In a ruling published on Tuesday, the Press Council said the newspaper had taken reasonable steps when reporting information from various authorities and there had been no breach of the council’s general principles.
There was widespread criticism of a report headed “Firebugs fuelling crisis as arson arrest toll hits 183” on January 7 and an online report the following day.
The print story appeared as a small item on an inside page accompanying a major report on the bushfires.
In response to complaints, the Press Council asked The Australian to comment on whether the articles complied with the council’s standards of practice regarding fairness, accuracy and balance.
The article reported that more than 180 alleged arson cases had been recorded since the start of the bushfire season, with 29 fires deliberately lit in the Shoalhaven region of NSW in just three months. It said “police arrested 183 people for lighting bushfires across Queensland, NSW, Victoria, South Australia and Tasmania”.
It’s the gig every Midnight Oil fan eagerly anticipates – the “intimate” pre-tour warm-up show, reports News Corp’s Kathy McCabe.
Ahead of kicking off their Makarrata Live tour next week, the Oils will exercise their musical muscle with a one-off concert at the iconic Enmore Theatre on February 25.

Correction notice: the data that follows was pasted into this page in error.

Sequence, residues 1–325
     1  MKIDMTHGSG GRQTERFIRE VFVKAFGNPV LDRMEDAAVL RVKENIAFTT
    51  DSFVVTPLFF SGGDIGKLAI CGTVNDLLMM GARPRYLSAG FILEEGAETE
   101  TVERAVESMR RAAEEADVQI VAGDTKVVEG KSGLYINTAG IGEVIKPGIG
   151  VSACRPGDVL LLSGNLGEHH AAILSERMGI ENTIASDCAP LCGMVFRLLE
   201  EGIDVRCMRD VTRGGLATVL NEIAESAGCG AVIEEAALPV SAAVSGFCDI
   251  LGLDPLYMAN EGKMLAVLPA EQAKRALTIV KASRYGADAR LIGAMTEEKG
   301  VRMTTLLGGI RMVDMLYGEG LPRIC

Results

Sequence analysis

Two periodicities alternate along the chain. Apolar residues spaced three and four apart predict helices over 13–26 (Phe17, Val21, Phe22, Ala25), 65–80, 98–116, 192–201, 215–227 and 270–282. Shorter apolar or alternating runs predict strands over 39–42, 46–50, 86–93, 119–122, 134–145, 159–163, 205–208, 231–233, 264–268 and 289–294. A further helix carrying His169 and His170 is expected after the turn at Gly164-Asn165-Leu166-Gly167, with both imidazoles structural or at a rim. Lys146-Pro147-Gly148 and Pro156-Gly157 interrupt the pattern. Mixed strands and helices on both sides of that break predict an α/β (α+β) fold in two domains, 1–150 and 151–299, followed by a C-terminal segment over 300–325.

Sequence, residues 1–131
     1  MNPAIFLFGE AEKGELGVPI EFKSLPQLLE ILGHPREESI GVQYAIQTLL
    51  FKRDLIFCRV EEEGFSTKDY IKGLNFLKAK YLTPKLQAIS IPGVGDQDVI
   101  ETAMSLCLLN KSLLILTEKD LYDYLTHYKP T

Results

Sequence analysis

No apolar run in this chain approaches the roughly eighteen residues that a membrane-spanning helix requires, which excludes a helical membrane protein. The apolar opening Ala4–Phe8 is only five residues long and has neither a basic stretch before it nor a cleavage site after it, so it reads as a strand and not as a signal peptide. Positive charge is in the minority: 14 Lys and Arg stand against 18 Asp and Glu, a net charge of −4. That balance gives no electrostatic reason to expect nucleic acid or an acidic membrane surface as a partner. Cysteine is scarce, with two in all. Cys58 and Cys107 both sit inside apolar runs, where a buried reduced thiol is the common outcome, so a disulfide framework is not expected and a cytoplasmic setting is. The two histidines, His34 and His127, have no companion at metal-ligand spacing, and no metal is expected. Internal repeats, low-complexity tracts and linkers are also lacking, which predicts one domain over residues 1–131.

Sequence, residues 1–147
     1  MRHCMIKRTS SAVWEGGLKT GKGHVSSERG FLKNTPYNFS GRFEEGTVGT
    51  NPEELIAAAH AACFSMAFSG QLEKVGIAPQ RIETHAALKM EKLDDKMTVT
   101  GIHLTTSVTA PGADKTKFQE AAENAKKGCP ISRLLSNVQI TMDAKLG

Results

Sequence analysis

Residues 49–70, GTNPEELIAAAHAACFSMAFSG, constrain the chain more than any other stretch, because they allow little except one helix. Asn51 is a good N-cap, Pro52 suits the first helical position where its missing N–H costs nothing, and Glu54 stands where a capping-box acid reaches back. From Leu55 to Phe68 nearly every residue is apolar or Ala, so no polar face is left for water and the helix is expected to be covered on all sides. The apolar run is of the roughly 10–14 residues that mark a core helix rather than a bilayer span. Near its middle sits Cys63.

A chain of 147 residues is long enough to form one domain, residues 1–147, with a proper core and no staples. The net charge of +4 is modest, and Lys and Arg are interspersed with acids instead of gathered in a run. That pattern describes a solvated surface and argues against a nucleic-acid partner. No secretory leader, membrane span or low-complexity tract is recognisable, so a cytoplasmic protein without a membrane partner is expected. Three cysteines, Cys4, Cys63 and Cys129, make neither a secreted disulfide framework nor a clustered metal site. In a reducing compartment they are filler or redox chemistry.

The warm-up gig will feature special First Nations guests who collaborated on the No. 1 record The Makarrata Project including Troy Cassar-Daley, Dan Sultan, Alice Skye, Leah Flanagan, and Tasman Keith.
It will also mark the public debut of bassist Adam Ventoura, the older brother of actor Zoe Ventoura, who steps into the role after the sudden death of much-loved band member Bones Hillman last year.
Ventoura landed on the Oils’ radar when he was guesting at a recording session at guitarist and keyboardist Jim Moginie’s northern beaches studio, and has previously toured with Cold Chisel’s Ian Moss.
Peter Garrett, Jimmy Barnes, and Guy Sebastian have warned fans against being tricked by Google search results into buying tickets to their Australian concerts from reseller platform Viagogo, reports News Corp’s Kathy McCabe.
The website is back targeting Australian events just months after it was ordered to pay a $7 million fine when the Federal Court found last year it broke four consumer laws, including previously misleading consumers “it was the ‘official’ seller of tickets to particular events when it was not.”
Viagogo lodged an appeal against the fine in November and has again ramped up its online presence in Australia, just as the devastated live entertainment industry is slowly getting back to business with national tours by Midnight Oil, Guy Sebastian, Tina Arena, Delta Goodrem, and the Red Hot Summer Festival headlined by Jimmy Barnes.
Despite tickets still being available via artist websites and official ticketing agencies, Viagogo has returned as the top result by paying Google for higher placement ads.
Barnes regularly warns his fans via his popular regular performances online to be wary of buying from unauthorised “secondary ticket marketplaces”.
“Thankfully ticket resellers can’t get away with some of the tricks they used to pull but in my opinion, lots of people are still getting scammed,” he said.